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Committal Hearings


Most people outside of the criminal justice system would not have even heard of committal hearings until the last few weeks.

As part of a suite of changes to the practice and procedure in the NSW Criminal Justice System, the government announced that they were considering doing away with committal hearings entirely. Meanwhile, Eddie and Moses Obeid have finally waived their right to committal hearing after a 4 month fight to delay it taking place.

Committal hearings occur in matters that are destined to be resolved in a trial before either the Supreme or District Court. A magistrate can “discharge” a defendant if the magistrate does not think there is a reasonable chance that a jury would convict the accused.

Defendants can argue the case based purely upon the written evidence and exhibits served by police (a “paper committal”) or else make what are called 91/93 submissions, which seek that a witness be compelled to give evidence at the committal hearing. The other, most common, option is to waive committal and go straight to trial.

Whilst defendants are from time to time discharged at committal, these hearings are often useful as a way to expose weaknesses in the Crown case at an early stage, and can often be the first step in the negotiation of the matter.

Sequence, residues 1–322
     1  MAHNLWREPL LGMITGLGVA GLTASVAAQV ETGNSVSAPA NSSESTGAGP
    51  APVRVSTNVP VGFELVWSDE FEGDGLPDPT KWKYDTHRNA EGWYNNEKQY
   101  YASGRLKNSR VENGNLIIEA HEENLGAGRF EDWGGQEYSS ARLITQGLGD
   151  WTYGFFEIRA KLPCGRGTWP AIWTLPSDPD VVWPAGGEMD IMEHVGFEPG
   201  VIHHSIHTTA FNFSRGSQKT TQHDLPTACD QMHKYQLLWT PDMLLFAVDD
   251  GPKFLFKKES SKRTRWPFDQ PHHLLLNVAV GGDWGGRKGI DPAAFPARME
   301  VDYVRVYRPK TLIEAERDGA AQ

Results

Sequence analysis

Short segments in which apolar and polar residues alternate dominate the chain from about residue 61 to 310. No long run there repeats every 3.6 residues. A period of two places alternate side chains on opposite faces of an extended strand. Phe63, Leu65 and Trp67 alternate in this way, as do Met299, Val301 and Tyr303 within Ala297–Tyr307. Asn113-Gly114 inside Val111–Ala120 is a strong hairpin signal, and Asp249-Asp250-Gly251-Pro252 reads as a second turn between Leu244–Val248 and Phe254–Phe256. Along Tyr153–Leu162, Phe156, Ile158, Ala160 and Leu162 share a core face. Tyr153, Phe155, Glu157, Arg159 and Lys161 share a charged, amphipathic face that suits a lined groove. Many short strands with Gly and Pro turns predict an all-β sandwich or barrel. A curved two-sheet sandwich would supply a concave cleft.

What is more problematic is that these hearings can take up significant resources for all parties as well as the court. Moreover, the significant delay they cause are a large part of the reason for the constant increases in the amount of time it takes to resolve criminal prosecutions.

The government argues that only a very small percentage of people who do not waive their right to a committal hearing are actually discharged. Those who favour committal hearings point to the number of matters that reach negotiated outcomes after the committal process, or where crucial evidence that should have emerged at an earlier stage comes to light during committal hearings.

Many of the changes proposed by the government are controversial, and the changes around committals are only one of them. In the meantime, Eddie and Moses Obeid have taken the expedient course. It remains to be seen how their matter will be conducted once it is brought for trial.

Image Credit – Jinga Pantilimon Ion © 123RF.com

Written by Andrew Tiedt on August 10, 2017

Andrew has spent many years building a reputation for high quality legal advice and representation. His experience and ability means that his clients are always in safe hands. View Andrew's profile


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Contact Armstrong Legal:
Sydney: (02) 9261 4555
Melbourne: (03) 9620 2777
Brisbane: (07) 3229 4448
Canberra: (02) 6288 1100